July 15, 2024

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How to digitally transform the finance function

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In this episode of the Inside the Strategy Room podcast, two experts on digital transformation of the finance function, Liz Fasciana and Bjørnar Jensen, discuss the necessity of digitization and its effect on CFOs. They spoke with communications director Sean Brown at McKinsey’s CFO Forum in London in June. This is an edited transcript of their discussion. For more conversations on the strategy issues that matter, follow the series on your preferred podcast platform.

Sean Brown: The finance function has become increasingly digital since the days of manual spreadsheets, but we still have a way to go. Why is digital transformation of the finance function still needed, and what does it mean for CFOs?

Bjørnar Jensen: The nature of the finance function is changing. Instead of reporting on the past, the finance function needs to look toward the future and be able to steer the organization through uncertainty and volatility. It needs to create a higher sense of order and clarity around choices. You can’t do that if you’re spending 80 percent of your time reporting, or even worse, doing manual transactions with a high quality-control need. Instead, CFOs should be spending their time advising the business, being a partner to the business. It’s about using technology in its different forms to improve quality and reduce manual work. Today, that’s happening at a scale that allows us to fundamentally change the role of finance.

Sean Brown: What percentage of companies have actually digitized their finance function? Have a lot of them reached their potential for digitizing the function?

Bjørnar Jensen: That depends on which metric you’re looking at. I’d say 100 percent of finance partners are using various forms of digital tools that reduce a lot of the manual labor, improve quality, and consolidate analysis. Have we reached the potential for digital transformation of the finance function? No, we have not. If you look just at automation rate, the ambition should be that 95 percent of these repetitive tasks go away because they’re taken care of by the system. In reality, it’s probably about half that, maybe a bit less. So there’s still a long way to go.

Liz Fasciana: The good news is that the tools are getting better. Some of the technologies that really help you do the kind of predictive, future-looking analytics are much easier to use now. This is also an area where you’re going to see a lot more investment, so the improvement will continue.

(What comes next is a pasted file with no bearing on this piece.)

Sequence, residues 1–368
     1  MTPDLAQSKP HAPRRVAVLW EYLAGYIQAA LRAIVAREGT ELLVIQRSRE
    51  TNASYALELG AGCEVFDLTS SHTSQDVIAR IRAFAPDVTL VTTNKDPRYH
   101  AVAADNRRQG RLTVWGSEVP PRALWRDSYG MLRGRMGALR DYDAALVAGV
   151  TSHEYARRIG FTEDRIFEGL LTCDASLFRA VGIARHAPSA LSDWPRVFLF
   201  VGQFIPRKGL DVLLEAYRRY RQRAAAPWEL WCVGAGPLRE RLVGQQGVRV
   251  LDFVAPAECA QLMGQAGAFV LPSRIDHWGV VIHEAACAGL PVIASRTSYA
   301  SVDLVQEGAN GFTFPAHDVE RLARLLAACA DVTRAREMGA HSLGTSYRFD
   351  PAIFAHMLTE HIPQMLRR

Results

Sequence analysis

Sean Brown: What are some of the barriers to reaching the potential for digitizing? Is there a particular window of opportunity now?

Liz Fasciana: The barrier is setting up the right program with the right ambition and having the alignment around where you’re trying to go. I always start with ambition. You want to have a plan that articulates where the value is that you’re trying to achieve, and really drive a focused program around achieving it and being able to measure progress. These are people-based programs, so while there is a lot of technology underneath, you have to bring your teams and your leadership along on the journey.

Bjørnar Jensen: We’re in a phase right now where there’s a huge wave of investment going into digitizing the enterprise backbone. We talk a lot about enterprise resource planning [ERP] systems being modernized. Because these are the transactional backbones, they all touch on the finance function. Does everybody make full use of that opportunity to modernize the finance function too? I’d say the potential is not being fully realized. A third to half of companies really take this opportunity to fully rethink the role of finance. There’s still a fair amount of, “Let’s just modernize, and simplify, and standardize a little bit what we’re already doing and continue doing that.” That is a missed opportunity.

Sean Brown: What is the CFO’s role in this? Who typically drives this level of digitization? And is there a risk of falling behind?

Liz Fasciana: I would say both in finance and more broadly in enterprise transformation the CFO almost always plays a very big role. It’s a great opportunity for CFOs especially to lead and show that this is a journey that we need to commit to, alongside an enterprise transformation or finance leader working with the CFO to really guide and drive the program day to day and make sure you really get the benefits you’re looking for.

Bjørnar Jensen: I think there’s a sense that this all needs to happen now if you’re going to get the most out of the investment. The CFO holds the purse strings, so it’s fair for the CFO to hold themselves and their organizations to the same high standard they hold everybody else to. They should be role models in digitizing the enterprise. It’s worth noting that this kind of big enterprise transformation is ultimately very expensive. For ERP alone, investments for the top 5,000 companies in the world are at about $300 billion so far this decade. Doing digital transformation of the finance function at the same time as upgrading ERP systems is a rare opportunity worth trying to seize. If you miss that window you can come back to it later, but it will be more difficult because a number of assumptions about the role of finance and ways of working will have been baked in for at least the next decade.